Four Methods of Cash Flow Forecasting | Finance
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Four Methods of Cash Flow Forecasting

 By: Toney Taylor
There is no way to overemphasize the importance of cash flow forecasting in corporate finance. When executed well, a cash flow analysis will accurately predict your company's financial liquidity over the next three, six, or even twelve months. Peaks and valleys won't catch you off guard, you'll be in a better position to budget your funds, and you'll have a good idea of whether or not your projected income will cover your costs. In essence, forecasting your cash flow is the best way to gauge your company's financial health and to diagnose any potential ailments in the coming quarters.

While "cash" typically refers only to liquid assets, a cash flow forecast deals with overall treasury management, in particular, the subtraction of short-term debts from a combination of your liquid assets and short-term investments.

There are several methods of cash flow forecasting: direct and indirect. Examine each of them to determine the best fit for your company.

Direct cash flow forecasting
The direct method-also known as the Receipts and Disbursements method-is based on actual data which is comprised of receipts (sales to customers, sales of assets, etc.) and disbursements (accounts payable, payroll/labor, etc.). Because it's based on tangible numbers, the direct method cash flow forecasting method is most fitting for shorter-term forecasts, one week to one financial quarter. (And, in rare cases, up to one year.) For most companies, the direct method is the best option for internal evaluation.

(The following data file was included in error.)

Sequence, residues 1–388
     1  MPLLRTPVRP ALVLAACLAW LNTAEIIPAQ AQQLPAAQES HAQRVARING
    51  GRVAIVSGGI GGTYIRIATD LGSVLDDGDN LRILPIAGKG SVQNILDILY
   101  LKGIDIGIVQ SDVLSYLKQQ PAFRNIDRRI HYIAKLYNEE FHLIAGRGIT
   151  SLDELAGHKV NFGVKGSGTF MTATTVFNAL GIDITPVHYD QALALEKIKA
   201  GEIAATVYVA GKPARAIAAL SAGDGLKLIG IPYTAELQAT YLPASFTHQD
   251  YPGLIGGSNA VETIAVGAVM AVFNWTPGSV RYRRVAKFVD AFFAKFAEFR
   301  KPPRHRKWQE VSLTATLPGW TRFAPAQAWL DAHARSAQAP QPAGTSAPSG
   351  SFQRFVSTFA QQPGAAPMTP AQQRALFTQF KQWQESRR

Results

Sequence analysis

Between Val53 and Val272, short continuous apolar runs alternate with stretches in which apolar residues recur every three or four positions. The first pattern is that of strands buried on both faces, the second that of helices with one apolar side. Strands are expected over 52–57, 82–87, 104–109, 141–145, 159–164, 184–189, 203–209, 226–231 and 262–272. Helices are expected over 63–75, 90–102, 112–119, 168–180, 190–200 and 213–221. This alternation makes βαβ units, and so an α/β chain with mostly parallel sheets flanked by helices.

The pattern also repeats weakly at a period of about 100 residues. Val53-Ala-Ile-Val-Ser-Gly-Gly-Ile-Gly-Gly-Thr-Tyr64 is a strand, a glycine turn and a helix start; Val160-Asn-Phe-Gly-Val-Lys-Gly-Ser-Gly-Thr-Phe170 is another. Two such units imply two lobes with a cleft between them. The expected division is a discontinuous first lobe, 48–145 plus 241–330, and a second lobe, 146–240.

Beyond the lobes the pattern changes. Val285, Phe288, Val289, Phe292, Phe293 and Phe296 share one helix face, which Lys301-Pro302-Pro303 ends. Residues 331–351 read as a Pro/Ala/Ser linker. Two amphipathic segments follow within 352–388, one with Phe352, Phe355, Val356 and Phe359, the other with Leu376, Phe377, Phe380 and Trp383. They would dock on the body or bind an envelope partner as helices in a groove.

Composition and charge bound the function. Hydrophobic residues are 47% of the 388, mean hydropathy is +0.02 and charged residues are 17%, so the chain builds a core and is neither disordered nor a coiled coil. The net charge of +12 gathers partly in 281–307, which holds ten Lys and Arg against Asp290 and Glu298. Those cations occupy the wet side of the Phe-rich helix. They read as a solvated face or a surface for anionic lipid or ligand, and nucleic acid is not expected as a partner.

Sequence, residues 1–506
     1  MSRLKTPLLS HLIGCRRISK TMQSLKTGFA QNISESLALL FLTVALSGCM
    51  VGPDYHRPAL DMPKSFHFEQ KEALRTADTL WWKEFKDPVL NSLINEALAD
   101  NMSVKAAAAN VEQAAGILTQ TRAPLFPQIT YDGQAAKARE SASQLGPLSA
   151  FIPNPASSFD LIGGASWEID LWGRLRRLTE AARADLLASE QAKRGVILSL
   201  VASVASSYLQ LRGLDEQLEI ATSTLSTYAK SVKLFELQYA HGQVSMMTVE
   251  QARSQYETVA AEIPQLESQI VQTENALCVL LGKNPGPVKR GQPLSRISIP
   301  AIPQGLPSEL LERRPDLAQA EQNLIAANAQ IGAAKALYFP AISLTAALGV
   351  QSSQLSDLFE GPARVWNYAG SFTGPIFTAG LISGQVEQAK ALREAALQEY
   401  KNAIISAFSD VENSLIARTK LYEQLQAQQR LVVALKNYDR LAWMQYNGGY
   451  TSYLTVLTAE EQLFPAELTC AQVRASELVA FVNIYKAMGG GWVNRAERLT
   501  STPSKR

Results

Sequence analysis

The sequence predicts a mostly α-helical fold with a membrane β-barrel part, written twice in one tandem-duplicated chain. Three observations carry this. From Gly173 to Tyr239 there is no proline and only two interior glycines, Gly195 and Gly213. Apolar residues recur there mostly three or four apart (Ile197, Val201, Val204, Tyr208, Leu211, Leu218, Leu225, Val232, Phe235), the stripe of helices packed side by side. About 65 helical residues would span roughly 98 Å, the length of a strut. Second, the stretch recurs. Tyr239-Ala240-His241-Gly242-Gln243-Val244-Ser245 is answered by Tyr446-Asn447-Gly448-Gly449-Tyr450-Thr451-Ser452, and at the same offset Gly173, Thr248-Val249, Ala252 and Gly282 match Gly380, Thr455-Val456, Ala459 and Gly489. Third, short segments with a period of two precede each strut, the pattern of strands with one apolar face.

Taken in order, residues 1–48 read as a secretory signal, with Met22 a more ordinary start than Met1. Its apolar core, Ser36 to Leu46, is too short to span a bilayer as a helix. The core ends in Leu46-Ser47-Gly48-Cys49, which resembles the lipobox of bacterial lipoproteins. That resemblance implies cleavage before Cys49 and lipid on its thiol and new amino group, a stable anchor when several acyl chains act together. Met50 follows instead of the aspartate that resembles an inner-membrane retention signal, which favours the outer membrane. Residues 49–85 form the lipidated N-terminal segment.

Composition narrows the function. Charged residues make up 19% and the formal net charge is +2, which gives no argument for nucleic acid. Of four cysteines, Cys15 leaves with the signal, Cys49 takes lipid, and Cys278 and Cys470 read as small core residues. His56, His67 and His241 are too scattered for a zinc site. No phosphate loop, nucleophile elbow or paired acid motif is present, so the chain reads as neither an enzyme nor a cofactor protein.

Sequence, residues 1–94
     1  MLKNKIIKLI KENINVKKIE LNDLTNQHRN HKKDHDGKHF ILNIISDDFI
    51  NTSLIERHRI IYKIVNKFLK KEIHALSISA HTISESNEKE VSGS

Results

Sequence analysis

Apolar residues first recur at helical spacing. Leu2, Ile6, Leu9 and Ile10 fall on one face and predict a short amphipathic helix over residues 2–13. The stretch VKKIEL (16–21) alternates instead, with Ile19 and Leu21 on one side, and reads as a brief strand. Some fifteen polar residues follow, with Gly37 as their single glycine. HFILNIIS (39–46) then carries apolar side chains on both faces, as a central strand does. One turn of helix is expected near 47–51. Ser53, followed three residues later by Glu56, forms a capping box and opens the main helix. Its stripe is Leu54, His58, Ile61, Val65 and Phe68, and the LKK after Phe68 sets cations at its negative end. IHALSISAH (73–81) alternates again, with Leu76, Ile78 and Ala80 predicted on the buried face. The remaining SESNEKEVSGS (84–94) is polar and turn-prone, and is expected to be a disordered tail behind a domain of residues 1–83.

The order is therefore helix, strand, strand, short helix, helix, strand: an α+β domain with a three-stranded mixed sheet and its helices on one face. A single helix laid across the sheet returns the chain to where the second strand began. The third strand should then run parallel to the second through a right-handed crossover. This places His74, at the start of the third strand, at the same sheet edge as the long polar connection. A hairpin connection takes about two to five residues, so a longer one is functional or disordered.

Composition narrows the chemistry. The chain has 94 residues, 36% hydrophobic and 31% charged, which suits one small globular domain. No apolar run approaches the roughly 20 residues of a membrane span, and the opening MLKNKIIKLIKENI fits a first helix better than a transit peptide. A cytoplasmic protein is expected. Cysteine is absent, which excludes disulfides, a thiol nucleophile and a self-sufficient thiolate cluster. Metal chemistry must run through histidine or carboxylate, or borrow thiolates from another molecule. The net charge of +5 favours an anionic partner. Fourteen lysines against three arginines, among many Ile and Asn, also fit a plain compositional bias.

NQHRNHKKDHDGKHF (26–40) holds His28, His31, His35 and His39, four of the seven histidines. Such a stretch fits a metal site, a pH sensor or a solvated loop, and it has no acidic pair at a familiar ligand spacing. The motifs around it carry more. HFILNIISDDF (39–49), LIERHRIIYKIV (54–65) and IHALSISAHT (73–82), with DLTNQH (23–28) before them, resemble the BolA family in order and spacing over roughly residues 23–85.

Indirect cash flow forecasting
Of the indirect methods, the most common is the Adjusted Net Income (ANI). Often used for annual reports, the ANI method begins with a company's net income and then adds or subtracts non-cash income or expenses. These might include owner's salary and personal expenses, amortization, depreciation, and anticipated one-time expenses. After the additions and subtractions, the resultant number is your net cash projection from all operating activities.

The Pro Forma Balance Sheet method is another indirect cash flow forecasting tool. It differs from a traditional balance sheet only in that it predicts how your company will manage its assets in the coming quarters. In essence, a Pro Forma Balance Sheet will predict your company's financial future based on your current balance sheet. This method is a simple equation: projected total assets will equal projected liabilities plus projected equity. Both the Adjusted Net Income and Pro Forma Balance Sheet methods are most useful for middle-term projections, from 6-12 months to several years.

The final indirect cash flow forecasting method is the Accrual Reversal method, which incorporates elements of the direct (R&D) and the ANI methods. This method uses algorithms and statistical distribution models, rather than a projected balance sheet, to reverse large accruals. The Accrual Reversal method is best for medium-term forecasting. It's also the most complicated of these four methods, so tread lightly.
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